The biomolecule diphthamide is essential for the correct formation of proteins in cells. When humans are infected with diphtheria, the diphtheria toxin alters diphthamide, so life-threatening complications can occur due to altered protein formation. Until now, diphthamide was only known from animals and fungi. A research team has just shown that the biomolecule is also present in plants.
Researchers have also shown that their formation can be affected by certain environmental factors. This was published in the magazine nature of communication, July 11, 2022.
The study was carried out in the department of Ute Krämer, with input from the research group of Prof. Raffael Schaffrath of the University of Kassel and Prof. Lorenz Adrian of the Technical University of Berlin, as well as other research groups in Germany.
Plants without diphthamide grow less
The biomolecule diphthamide is a natural modification of the protein called elongation factor 2 of many organisms. This protein is one of the components responsible for building all the proteins in the cell. “This modification has long been known to be the target of diphtheria toxin, which can cause life-threatening complications in people infected with diphtheria by preventing cellular protein synthesis,” explains Ute Krämer. “Diphtheria bacterial infections have been documented since ancient times and were widely feared until the 19th century, before a vaccine was developed. »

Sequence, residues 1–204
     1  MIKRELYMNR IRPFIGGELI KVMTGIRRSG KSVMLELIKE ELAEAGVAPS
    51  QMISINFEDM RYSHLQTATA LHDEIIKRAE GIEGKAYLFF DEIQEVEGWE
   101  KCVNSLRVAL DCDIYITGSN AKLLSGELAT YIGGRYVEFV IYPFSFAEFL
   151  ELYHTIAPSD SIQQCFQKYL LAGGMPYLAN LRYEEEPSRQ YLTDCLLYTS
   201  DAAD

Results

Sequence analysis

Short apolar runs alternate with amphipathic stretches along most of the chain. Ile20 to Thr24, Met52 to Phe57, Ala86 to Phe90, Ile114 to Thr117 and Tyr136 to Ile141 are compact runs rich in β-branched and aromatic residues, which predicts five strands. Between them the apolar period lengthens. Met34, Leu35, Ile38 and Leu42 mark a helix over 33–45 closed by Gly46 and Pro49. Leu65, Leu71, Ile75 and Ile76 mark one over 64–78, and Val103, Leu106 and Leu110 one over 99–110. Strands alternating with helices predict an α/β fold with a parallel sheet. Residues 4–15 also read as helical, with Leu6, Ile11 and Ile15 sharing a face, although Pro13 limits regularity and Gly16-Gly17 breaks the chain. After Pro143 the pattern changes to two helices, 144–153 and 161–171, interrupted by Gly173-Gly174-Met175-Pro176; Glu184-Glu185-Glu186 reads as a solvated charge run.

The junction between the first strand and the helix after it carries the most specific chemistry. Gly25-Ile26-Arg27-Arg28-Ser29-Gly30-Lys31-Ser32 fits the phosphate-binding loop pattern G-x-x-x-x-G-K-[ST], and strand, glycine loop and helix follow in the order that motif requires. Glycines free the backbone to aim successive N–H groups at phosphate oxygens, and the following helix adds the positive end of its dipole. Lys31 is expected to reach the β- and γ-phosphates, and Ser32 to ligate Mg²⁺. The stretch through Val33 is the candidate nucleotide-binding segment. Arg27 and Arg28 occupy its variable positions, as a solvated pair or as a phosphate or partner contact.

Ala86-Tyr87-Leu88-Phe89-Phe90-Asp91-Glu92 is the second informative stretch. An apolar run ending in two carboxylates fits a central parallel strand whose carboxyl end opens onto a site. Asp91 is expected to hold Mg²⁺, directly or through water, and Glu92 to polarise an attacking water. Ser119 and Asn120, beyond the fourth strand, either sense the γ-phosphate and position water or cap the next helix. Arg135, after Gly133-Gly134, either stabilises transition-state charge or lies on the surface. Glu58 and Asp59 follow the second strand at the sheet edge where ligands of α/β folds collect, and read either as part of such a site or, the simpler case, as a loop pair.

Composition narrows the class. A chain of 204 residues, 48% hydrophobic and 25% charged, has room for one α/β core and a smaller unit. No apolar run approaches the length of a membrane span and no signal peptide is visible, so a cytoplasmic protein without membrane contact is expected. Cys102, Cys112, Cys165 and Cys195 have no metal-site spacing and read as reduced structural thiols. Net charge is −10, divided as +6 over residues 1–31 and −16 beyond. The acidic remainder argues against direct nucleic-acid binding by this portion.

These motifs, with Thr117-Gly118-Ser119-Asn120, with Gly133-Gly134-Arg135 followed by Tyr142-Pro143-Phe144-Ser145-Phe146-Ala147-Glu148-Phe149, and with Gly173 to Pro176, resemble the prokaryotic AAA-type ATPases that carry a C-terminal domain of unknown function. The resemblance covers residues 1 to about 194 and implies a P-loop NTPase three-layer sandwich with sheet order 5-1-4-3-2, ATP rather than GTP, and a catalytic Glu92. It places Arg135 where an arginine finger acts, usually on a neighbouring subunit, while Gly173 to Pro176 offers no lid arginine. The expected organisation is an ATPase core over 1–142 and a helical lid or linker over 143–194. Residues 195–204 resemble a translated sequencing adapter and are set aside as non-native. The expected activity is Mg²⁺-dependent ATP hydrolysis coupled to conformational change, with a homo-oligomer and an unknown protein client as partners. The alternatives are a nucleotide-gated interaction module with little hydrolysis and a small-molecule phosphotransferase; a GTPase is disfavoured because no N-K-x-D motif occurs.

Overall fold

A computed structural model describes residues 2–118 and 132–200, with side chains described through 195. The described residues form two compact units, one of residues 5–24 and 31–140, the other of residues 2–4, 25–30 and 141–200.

Until now, diphthamide had only been identified and studied in detail in animal organisms and baker’s yeast, as a model organism for medical research. Ute Krämer’s team has now shown that diphthamide is also formed in plants and serves an important function: If the plant does not have the ability to form diphthamide, there is a higher error rate in protein biosynthesis. Also, plant growth is reduced due to decreased cell division. Several additional alterations in central cellular regulatory processes could contribute to causing growth restriction.
Stress influences diphthamide formation
According to the study results, the essential initial step of diphthamide biosynthesis known to mammals and yeasts also occurs in plants. So it is likely that this is also the case for the later steps leading to diphthamide now being detected in plants. “However, what is completely new is that not only genetic defects can lead to loss of diphthamide,” explains Ute Krämer. “Environmental stress, particularly an excess of the trace nutrient copper or the environmental toxin cadmium, also inhibits diphthamide formation in plants. In the presence of high concentrations of copper, human cells also showed diphthamide deficiency. These results identify a new factor that influences plant growth rates and could also contribute to a better understanding of how diseases develop. “Whether plant pathogens also use diphthamide as an Achilles’ heel, just as the diphtheria pathogen does in humans, must now be investigated,” says Ute Krämer.